Shares in Swiss-based bank UBS AG fell to a near 2-1/2 year low on Tuesday on renewed fears the group may have to make more hefty writedowns for exposure to assets hit by the subprime crisis.
Speculation also swirled in Zurich that UBS, which ranks eighth in the FTSE Global Banks index by market value, might be forced to cut its dividend, or even resort to a capital increase to protect its Tier 1 capital as a result of any writedown.
UBS shares fell as much 3.6 percent in morning trade to 48.70 Swiss francs, a level not seen since June of 2005, but by 1200 GMT they had recovered and were trading 0.2 percent up at 50.70 francs.
Although UBS confirmed again last week that it would have a profitable fourth quarter, rumours are growing today again about a further writedown worth $9 billion, said analysts at Vontobel in a note.
At the height of the morning selloff, trading in UBS stock was briefly stopped by the automatic trading system after it suffered a sharp price fall, though a Swiss stock exchange spokesman played down the significance of the interruption.
It's a safety valve ... it occurs automatically when the difference between the last transaction and the next one would be more than 2 percent, said the spokesman. It's a mechanism which allows traders to reconsider their positions in the order book.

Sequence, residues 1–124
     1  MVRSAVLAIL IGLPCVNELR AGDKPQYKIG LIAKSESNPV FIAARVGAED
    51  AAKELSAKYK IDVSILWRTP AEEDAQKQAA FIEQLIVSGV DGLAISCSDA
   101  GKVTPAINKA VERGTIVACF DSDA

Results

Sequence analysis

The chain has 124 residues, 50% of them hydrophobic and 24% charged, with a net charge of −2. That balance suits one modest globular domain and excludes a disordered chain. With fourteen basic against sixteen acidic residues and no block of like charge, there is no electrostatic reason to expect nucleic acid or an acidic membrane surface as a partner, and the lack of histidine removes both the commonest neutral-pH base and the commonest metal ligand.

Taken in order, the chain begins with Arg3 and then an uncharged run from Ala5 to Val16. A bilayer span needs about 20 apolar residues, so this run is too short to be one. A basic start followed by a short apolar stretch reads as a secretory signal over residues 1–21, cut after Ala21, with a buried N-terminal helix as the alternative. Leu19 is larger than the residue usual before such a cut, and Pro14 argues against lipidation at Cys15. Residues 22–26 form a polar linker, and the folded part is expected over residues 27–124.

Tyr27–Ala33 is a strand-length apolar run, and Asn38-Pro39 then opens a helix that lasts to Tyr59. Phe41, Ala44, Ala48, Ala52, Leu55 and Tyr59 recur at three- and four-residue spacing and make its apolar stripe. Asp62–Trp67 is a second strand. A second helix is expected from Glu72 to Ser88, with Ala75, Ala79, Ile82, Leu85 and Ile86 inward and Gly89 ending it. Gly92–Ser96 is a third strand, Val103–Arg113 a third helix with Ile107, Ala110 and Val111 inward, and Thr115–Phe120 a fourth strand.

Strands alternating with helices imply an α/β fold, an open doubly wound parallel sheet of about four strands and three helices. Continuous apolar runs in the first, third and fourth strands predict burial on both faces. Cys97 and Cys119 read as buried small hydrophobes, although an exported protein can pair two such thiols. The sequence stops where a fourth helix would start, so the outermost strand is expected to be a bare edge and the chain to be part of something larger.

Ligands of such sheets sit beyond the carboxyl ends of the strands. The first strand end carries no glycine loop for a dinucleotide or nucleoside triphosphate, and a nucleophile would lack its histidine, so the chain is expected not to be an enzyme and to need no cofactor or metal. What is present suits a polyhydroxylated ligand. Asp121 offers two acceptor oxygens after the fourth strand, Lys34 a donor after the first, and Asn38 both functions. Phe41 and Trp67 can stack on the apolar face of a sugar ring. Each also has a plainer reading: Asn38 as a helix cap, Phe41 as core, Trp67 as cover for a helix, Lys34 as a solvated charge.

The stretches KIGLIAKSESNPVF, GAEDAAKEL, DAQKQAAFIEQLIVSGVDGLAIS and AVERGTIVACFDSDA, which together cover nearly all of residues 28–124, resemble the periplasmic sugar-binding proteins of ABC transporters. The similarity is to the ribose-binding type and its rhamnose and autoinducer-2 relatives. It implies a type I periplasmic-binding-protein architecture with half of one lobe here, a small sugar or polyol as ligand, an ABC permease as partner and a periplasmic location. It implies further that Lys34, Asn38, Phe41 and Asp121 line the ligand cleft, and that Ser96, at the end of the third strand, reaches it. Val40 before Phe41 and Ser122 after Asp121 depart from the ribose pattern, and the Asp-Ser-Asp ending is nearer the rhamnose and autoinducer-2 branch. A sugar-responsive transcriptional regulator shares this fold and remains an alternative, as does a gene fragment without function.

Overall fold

UBS shares, which hit a record 80.90 francs in February, have been under pressure since revelations surfaced in May of big losses stemming from exposures to subprime-related structured products and collateralised debt obligations (CDOs).
The bank announced its first quarterly group loss in five years at the end of October, after taking 4.4 billion Swiss francs ($3.9 billion) in writedowns on subprime-related exposures.
The announcement on Monday by Swiss reinsurer Swiss Re that it was taking a 1.2 billion francs writedown has put even more pressure on UBS.
Swiss Re wrote down exposures to highly risky CDOs to zero, prompting some analysts to say UBS -- which has been much less aggressive in its writedowns on exposures -- should do likewise even if it entails taking a huge charge in a single quarter.
Swiss Re's writedown reminds people of the risk embedded in the UBS stock, said a London-based analyst with a U.S. investment bank. This increases the pressure on UBS massively.
On Monday, Citigroup Inc shares suffered a fresh beating after Goldman Sachs downgraded the stock to sell and said the largest U.S. bank may have to write off $15 billion over the next two quarters as mortgage losses reduce earnings.
(Additional reporting by Thomas Atkins; Editing by Andrew Callus and David Holmes)